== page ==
Prufrock's Page

Wednesday, March 14, 2007

Biographer Or Cannibal?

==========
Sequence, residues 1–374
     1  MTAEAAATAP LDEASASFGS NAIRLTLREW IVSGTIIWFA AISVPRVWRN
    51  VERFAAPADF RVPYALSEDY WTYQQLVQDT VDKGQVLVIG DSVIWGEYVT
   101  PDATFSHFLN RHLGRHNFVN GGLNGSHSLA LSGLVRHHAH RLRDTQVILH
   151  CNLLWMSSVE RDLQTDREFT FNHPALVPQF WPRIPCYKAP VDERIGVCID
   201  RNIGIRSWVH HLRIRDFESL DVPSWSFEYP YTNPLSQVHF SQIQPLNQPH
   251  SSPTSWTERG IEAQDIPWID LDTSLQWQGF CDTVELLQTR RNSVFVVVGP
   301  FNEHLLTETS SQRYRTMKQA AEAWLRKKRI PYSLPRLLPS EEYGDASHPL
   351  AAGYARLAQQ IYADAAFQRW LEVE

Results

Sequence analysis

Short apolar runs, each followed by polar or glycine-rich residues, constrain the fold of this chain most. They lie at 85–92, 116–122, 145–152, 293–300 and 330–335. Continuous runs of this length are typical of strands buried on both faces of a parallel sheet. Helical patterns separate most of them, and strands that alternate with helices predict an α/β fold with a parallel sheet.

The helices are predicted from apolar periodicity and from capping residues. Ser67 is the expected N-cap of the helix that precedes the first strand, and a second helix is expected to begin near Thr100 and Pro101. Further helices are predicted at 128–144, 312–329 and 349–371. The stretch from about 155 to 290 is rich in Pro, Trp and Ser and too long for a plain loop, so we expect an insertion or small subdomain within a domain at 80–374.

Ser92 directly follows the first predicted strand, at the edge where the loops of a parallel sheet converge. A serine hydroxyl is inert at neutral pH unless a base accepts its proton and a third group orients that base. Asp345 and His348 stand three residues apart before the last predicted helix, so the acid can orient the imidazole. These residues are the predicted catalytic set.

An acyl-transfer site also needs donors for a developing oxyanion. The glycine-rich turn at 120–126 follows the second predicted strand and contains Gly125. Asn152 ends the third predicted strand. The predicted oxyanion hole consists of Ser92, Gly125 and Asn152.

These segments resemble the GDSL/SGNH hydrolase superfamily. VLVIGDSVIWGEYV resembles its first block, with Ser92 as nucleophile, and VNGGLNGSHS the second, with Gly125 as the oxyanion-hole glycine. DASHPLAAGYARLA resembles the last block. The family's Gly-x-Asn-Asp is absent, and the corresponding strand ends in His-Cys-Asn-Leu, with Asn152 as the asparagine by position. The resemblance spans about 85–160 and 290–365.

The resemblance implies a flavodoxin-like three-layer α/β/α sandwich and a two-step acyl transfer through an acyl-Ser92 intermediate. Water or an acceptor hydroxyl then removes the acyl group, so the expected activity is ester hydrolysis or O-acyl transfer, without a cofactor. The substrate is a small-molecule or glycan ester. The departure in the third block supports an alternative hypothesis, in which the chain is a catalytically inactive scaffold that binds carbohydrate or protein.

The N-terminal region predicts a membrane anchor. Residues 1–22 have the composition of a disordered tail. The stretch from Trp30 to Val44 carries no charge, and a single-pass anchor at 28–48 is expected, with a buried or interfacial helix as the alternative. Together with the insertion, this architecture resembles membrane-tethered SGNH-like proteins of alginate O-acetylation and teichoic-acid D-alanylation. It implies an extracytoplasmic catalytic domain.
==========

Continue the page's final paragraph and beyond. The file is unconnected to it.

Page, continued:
One is a sucker for literary biographies -- though admittedly, many of them could be considered no more than an advanced version of literary gossip. Authors themselves, however, have been dismissive of biographers: James Joyce called them biografiends, and Rudyard Kipling deemed the genre a "higher form of cannibalism." In a review of Biography: A Brief History by Nigel Hamilton, Carl Rollyson asks and answers an apt question: "When did biography — a rather distinguished genre in the days of Plutarch and Suetonius — lose literary rank? As soon as the first biographers tried to deal frankly with the private as well as the public lives of their subjects." He ends on a note of appreciation: "Mr. Hamilton has begun to rectify an enormous injustice by showing that biography, in itself, is a form of knowledge, a way of apprehending the world that deserves its own departments and centers of scholarly study. Someday, perhaps, with more studies like Mr. Hamilton's, biography will finally get the respect it deserves."


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